Mr. CURRY: Yeah, and I think that that's a mistake. I mean, it's funny that the United States talks about engaging with the enemies when he had a minority-controlled white power in South Africa, and our whole argument was, and the administrations were criticized for it, they were like, oh you got to be engaged. This is how you're going to bring about change, yet we want to sever all ties here with Hamas. Like it or not, they won. You have to deal with them.
Now, I think you can make much more progress being engaged with them rather than saying we're just cut off the money, because really money is no big thing because the Arab countries don't recognize Israel either, and they can provide as much money as Hamas needs.
GORDON: Isn't it problematic to a great degree, Michael Meyers, when you look at that region, and you look at our involvement with governments who aren't necessarily, by American standards, on the up-and-up, the oil-rich governments, many of whom have been criticized by many outsiders, the United States still sees them as in play.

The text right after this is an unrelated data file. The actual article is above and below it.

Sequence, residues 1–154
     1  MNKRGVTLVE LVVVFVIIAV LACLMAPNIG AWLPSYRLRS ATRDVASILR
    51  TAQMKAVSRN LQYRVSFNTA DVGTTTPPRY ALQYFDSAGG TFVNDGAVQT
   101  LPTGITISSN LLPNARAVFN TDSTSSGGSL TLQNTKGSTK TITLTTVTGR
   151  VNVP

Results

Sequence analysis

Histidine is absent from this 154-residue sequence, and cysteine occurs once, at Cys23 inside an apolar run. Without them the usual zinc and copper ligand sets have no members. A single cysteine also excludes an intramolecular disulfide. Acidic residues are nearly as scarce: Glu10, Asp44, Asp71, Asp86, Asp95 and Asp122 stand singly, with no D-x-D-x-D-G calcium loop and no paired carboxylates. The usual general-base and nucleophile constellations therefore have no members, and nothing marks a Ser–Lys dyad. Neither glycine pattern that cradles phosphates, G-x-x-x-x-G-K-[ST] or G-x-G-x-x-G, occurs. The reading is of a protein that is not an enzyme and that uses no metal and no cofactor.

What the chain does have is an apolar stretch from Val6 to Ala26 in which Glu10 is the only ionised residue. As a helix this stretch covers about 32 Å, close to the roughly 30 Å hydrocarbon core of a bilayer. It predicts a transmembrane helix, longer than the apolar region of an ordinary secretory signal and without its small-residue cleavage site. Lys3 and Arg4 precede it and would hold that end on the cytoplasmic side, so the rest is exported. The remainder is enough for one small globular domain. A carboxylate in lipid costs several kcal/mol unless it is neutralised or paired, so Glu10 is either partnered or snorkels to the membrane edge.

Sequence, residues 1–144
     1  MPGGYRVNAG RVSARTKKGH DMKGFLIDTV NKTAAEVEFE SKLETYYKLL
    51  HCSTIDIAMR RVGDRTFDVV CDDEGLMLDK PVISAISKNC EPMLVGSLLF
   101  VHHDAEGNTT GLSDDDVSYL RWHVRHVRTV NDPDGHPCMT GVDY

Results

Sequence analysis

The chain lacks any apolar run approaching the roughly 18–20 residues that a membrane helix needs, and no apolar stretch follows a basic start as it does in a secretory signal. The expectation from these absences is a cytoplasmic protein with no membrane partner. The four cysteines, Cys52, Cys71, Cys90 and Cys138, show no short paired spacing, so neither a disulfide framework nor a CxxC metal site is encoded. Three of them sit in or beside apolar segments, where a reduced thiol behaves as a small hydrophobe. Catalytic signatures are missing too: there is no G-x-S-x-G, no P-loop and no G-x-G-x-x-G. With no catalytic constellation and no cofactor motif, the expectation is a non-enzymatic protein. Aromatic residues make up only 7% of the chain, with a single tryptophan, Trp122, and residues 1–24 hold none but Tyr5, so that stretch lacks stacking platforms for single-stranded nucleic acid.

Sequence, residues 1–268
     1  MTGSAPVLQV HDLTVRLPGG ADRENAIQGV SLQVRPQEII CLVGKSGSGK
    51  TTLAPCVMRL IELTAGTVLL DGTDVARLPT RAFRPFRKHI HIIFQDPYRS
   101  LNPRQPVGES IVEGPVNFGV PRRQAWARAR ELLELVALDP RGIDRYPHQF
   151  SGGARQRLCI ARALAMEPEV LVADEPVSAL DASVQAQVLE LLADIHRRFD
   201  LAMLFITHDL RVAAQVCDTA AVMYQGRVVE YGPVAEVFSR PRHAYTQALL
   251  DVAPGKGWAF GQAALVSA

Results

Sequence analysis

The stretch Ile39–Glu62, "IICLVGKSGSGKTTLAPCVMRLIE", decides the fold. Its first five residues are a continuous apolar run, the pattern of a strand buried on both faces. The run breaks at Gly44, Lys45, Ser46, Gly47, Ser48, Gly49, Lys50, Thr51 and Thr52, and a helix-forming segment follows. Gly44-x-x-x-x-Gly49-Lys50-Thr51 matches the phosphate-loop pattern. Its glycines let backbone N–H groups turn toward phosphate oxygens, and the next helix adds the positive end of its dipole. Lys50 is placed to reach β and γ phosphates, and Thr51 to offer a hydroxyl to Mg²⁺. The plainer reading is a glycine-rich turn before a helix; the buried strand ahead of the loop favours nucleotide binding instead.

Mr. MEYERS: Well, look, nothing, and I don't know why people think that money doesn't talk all of the sudden. Money talks, and I think the United States has a lot of money and has put a lot of money to the P.L.O. in 2005, over $400 million, which is a surprise to many people, but the United States can say, we will not fund, and we will not feed a group committed to the destruction of Israel, period. Israel is our ally. Israel has the right to exist.
Israel is a democracy. Israel is under siege. And I think, it seems to me, that in the war against terrorism we have a moral duty. We, meaning the United States of America, to say why should we finance the sworn enemy of our ally?